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Year : 2022  |  Volume : 12  |  Issue : 4  |  Page : 381-393

Central serous chorioretinopathy: Pathophysiology, systemic associations, and a novel etiological classification

1 Department of Ophthalmology, Al Dhannah Hospital, Abu Dhabi, United Arab Emirates
2 Department of Vitreous and Retina, Rajan Eye Care Hospital, Chennai, Tamil Nadu, India
3 Department of Ophthalmology, Leiden University Medical Centre, Leiden, The Netherlands

Correspondence Address:
Dr. Manish Jain
Department of Ophthalmology, Al Dhannah Hospital, Abu Dhabi
United Arab Emirates
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Source of Support: None, Conflict of Interest: None

DOI: 10.4103/2211-5056.362601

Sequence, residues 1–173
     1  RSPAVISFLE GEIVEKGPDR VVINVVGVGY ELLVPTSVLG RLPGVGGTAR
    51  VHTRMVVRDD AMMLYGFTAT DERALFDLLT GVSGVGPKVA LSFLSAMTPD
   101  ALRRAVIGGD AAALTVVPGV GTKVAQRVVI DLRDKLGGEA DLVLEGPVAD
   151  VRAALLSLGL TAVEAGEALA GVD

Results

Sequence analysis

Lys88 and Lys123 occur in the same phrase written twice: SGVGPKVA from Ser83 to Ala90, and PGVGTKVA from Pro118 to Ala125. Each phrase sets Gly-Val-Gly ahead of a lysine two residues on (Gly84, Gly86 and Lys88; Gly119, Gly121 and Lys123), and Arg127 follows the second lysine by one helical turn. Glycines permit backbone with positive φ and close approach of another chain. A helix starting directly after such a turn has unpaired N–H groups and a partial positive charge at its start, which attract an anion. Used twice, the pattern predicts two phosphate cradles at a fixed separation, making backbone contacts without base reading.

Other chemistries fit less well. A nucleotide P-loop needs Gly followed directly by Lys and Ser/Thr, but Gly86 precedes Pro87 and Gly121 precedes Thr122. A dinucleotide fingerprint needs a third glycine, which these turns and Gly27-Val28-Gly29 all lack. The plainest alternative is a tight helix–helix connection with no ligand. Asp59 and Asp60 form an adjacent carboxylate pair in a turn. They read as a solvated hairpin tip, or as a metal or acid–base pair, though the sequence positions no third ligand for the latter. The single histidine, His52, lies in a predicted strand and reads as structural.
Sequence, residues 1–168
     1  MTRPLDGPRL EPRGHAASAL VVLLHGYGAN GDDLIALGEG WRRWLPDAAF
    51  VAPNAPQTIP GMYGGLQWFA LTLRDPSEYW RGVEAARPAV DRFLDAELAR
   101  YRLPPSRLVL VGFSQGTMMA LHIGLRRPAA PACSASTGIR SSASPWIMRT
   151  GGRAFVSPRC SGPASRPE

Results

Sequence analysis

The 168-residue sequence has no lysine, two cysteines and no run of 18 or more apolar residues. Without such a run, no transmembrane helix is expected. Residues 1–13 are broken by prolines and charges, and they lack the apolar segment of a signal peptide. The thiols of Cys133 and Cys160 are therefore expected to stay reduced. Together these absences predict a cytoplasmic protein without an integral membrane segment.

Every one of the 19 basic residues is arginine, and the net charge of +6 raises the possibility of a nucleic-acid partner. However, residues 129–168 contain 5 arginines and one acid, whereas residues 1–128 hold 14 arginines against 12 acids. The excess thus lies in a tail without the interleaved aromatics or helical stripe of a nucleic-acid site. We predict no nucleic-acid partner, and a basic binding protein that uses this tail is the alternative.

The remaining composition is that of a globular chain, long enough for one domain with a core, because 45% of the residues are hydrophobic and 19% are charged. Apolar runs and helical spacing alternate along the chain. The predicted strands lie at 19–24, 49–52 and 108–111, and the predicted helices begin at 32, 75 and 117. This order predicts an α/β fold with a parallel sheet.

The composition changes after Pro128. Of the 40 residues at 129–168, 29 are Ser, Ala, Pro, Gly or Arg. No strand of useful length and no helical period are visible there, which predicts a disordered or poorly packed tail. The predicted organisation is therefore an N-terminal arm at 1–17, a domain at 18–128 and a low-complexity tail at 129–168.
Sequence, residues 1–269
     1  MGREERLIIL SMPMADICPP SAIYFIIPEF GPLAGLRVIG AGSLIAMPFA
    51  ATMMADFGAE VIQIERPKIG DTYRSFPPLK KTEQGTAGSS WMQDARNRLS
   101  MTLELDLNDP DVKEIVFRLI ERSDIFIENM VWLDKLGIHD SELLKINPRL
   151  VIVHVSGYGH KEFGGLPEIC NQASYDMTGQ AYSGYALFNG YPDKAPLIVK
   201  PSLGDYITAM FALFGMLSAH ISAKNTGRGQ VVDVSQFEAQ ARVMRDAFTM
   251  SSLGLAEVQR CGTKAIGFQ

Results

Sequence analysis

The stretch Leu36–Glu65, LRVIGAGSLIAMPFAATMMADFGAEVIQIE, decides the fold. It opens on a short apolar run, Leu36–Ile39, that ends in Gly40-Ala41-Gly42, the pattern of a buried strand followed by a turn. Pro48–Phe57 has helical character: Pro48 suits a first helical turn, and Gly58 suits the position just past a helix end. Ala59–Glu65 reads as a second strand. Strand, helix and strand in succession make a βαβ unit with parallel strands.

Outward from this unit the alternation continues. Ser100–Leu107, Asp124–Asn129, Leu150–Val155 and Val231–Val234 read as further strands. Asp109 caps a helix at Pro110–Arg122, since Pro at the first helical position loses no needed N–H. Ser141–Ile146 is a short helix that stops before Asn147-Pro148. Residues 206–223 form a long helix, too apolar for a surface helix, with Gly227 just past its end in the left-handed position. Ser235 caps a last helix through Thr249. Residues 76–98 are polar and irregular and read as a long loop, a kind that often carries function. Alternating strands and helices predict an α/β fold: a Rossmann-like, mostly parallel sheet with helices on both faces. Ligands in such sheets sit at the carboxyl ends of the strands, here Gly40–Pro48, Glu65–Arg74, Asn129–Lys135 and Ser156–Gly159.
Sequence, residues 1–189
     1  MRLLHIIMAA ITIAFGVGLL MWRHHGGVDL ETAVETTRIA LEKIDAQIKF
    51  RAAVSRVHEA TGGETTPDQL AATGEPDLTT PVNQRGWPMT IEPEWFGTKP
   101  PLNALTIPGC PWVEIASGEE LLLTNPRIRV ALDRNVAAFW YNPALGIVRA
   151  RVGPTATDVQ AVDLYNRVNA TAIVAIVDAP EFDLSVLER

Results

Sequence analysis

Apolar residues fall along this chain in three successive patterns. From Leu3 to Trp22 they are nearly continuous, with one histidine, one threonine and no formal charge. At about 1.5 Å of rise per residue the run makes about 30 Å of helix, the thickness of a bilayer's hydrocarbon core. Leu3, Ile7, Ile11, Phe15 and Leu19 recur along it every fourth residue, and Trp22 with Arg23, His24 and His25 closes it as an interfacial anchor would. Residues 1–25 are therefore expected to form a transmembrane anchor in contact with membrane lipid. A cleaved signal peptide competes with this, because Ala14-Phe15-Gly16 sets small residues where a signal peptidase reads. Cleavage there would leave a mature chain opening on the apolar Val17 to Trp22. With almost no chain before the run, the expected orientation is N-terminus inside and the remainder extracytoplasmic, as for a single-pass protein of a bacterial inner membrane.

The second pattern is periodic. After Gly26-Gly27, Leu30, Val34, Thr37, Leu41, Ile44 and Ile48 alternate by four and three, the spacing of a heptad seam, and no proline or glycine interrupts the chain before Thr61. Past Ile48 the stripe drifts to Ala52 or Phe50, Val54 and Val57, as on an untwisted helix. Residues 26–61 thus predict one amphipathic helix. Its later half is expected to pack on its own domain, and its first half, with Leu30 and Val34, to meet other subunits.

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Central serous chorioretinopathy (CSC) has remained an enigmatic disease since its initial description by Von Graefe. Over the years, multiple risk factors have been recognized: these include psychological stress, behavioral traits, and corticosteroids. The basic pathophysiology of CSC involves choroidal thickening, vascular congestion, altered choroidal blood flow (ChBF), and choroidal hyperpermeability, leading to retinal pigment epithelium decompensation and subsequent neurosensory detachment. Multiple organ systems, mainly the nervous, cardiovascular, endocrinal, and renal systems participate in the control of the vascular tone and the ChBF via hypothalamus–pituitary–adrenal axis and renin–angiotensin–aldosterone system, while others such as the hepatic system regulate the enzymatic degradation of corticosteroids. Many vasoactive and psychotropic drugs also modulate the ocular perfusion. In addition, there are anatomical and genetic predispositions that determine its progression to the chronic or recurrent form, through cellular response and angiogenesis. We herein review the basic pathophysiology and immunogenetics in CSC along with the role of multiple organ systems. With this background, we propose an etiological classification that should provide a framework for customized therapeutic interventions.

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